This post was written by ScIU Senior Undergraduate Intern, Carly Jones.
Getting back into school and a study routine is not always easy, yet we have to manage somehow. But have you ever considered you could be studying wrong? As it turns out, common techniques such as highlighting, re-reading, and mnemonics (for example, PEMDAS) are not very effective. In fact, most of the time, they do not boost performance and offer limited benefits compared to other techniques. Luckily, researchers have identified study methods that are actually effective and improve learning. Check out these 5 proven studying techniques that will help you maximize studying:
- Recall: Stop Review
People tend to review the material: glance over notes, check highlighted words, re-read passages. However, this is not effective because it does not require you to retrieve the information like on an exam. Instead, use recall, or retrieval practice, where you recall information (verbally, mentally, or even written) from memory, then repeat after reviewing incorrect answers. This technique ingrains the information because it is more cognitively active. Some examples include practice tests and flashcards.
- Focus: Ditch “Multi-tasking”
“Multi-tasking” is really not possible, despite our persistent belief that we can do many things at once. In reality, these attempts to split our attention lead to prolonged studying and inefficient use of time. Our brains do not fare well switching tasks and this stop/start process from one task to the next wastes a lot of energy and time. Ultimately, the best strategy is to focus and limit distractions such as music, conversations, and phones.
- Print: Avoid Digital
Almost everything is online these days, including our textbooks, but unfortunately it could be stifling our learning. Recent studies have demonstrated that print text has higher and faster rates of learning information compared to digital text. Clicking through pages instead of flipping back and forth is more distracting for us, which lowers our ability to focus our attention. In addition, the lack of physical markers (i.e. location on page) can make recall more difficult because we lack that reference point previously available in print text. So, when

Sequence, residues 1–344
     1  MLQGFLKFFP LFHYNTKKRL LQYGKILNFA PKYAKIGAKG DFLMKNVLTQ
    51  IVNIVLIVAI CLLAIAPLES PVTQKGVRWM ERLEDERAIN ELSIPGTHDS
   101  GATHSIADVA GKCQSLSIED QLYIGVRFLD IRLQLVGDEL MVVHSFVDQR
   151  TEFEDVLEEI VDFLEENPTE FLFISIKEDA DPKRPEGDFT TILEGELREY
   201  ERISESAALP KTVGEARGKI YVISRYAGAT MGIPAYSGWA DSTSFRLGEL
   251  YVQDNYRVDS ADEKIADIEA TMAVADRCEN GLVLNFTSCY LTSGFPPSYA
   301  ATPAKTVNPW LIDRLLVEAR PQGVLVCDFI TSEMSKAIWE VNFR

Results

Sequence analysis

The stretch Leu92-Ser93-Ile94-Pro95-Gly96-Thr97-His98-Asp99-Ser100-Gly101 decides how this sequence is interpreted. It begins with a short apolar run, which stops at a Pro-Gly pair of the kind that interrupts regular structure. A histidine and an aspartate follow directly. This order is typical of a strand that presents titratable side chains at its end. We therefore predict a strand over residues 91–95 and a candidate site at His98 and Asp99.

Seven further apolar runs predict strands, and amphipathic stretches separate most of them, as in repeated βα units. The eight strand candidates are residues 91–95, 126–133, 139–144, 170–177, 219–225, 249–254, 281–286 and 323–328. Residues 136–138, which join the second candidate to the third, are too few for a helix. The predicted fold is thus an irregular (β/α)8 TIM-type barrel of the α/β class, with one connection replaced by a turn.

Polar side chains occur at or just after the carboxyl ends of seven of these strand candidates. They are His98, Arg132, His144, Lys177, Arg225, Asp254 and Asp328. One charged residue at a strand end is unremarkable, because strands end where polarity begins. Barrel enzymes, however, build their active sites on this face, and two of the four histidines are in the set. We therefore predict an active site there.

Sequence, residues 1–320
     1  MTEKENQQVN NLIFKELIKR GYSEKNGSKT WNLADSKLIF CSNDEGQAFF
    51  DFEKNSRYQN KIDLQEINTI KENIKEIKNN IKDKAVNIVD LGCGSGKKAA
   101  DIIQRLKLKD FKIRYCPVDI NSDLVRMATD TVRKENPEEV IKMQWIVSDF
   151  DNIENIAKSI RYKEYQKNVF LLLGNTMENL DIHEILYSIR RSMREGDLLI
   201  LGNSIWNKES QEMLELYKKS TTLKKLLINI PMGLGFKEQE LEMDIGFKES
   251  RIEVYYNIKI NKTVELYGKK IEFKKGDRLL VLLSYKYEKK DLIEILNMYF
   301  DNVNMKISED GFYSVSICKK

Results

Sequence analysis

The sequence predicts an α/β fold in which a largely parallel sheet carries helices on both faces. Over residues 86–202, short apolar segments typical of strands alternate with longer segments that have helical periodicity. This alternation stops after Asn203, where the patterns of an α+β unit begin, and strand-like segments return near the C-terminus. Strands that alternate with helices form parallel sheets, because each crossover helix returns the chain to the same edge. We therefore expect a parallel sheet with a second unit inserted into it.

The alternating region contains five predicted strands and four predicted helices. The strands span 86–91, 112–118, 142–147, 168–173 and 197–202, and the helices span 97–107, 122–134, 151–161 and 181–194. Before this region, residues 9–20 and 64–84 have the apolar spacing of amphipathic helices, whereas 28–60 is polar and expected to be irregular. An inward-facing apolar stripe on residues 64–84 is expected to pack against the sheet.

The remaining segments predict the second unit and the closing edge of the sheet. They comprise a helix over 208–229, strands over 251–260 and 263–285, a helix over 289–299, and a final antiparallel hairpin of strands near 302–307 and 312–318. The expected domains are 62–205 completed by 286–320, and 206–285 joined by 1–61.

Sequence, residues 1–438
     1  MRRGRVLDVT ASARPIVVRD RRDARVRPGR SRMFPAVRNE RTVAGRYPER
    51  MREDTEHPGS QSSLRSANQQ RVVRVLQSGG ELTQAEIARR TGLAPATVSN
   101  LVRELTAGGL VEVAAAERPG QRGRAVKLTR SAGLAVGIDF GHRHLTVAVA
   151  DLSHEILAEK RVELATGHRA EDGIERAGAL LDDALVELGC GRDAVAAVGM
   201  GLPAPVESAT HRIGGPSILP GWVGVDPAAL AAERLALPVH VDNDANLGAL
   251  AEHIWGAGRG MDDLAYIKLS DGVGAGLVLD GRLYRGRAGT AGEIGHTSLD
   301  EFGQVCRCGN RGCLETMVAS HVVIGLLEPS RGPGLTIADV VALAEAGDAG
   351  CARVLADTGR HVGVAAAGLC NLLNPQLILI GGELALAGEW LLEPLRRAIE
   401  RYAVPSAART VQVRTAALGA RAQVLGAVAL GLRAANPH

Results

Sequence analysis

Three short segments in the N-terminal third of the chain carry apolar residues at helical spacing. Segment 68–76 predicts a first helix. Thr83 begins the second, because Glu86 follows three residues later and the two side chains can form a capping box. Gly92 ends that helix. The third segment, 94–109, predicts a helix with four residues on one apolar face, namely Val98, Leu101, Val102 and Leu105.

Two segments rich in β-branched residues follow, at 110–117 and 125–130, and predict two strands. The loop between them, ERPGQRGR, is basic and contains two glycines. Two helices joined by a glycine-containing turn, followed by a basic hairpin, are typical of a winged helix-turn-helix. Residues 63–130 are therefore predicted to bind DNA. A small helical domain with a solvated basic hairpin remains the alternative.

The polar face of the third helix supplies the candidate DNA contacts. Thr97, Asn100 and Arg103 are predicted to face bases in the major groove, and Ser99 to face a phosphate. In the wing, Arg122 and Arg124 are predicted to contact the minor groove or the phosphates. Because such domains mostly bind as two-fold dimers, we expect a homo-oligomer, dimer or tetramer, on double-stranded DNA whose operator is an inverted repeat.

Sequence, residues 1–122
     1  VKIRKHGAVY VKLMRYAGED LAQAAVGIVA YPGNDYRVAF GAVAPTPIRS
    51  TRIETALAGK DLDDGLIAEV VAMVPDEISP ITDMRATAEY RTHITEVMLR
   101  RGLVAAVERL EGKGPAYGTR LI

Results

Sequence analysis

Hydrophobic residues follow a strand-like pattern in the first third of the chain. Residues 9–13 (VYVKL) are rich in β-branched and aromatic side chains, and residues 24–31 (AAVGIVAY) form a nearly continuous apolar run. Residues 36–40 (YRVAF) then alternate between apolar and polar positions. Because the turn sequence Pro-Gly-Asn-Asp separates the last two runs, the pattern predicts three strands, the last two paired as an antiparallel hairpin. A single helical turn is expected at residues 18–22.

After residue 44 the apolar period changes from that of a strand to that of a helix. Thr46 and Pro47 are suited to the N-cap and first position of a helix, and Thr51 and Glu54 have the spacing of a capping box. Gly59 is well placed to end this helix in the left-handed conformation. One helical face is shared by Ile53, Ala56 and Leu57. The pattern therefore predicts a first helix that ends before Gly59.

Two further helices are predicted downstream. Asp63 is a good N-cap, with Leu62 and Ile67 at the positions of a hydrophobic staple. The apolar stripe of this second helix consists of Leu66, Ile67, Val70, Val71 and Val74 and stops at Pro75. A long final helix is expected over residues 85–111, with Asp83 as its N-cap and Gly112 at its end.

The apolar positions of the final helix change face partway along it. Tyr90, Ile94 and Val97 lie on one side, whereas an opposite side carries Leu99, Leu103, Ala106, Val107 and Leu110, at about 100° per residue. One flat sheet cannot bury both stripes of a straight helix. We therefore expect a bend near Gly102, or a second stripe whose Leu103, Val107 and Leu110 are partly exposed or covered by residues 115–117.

possible, try to find physical print!
- Variety: Forget “Learning Styles”
We all remember those “learning styles” from grade school, but there is little evidence to support this idea. The notion is that you should cater your learning to one of the 7 styles; for example, a visual learner should use diagrams and pictures. However, research has instead shown that we all benefit from a variety of these “styles.” Incorporating several modes of study (i.e. using visual, auditory, and verbal) is far more effective because it is stimulating and keeps interest, as opposed to using one single sense and getting sensory overload.
- Spacing: Cut Cramming
All of us are guilty of cramming the night before a test and spending hours trying to remember as much as possible. But at the end of the day, this technique is not setting us up for success. Spaced practice is better for learning because it fights the forgetting curve. With this technique, you study intermittently over time so information goes into long-term memory instead of short-term memory with cramming. Instead of forgetting, our brains are able to remember the information because of the repetition over several study sessions.
Studying is extremely important to college life, and it can make or break how well we do in a given class. However, a lot of the time, we find ourselves making common mistakes that actually do not help us learn, like cramming or reviewing. Fortunately, using recall, print, focus, variety, and spacing will help you maximize your studying! Using some or all of these techniques may just give you the little boost you need to get back into the study grind. But, keep in mind, these are lifelong tips that can be used for anything in the future like work! Which one of these methods will you be using before your next exam?
Study techniques that work — and (surprisingly) don’t
Do E-Books Make it Harder to Remember What You Just Read?
The Myth of Multitasking
How to Study Using the Spaced Practice Method
Different Learning Styles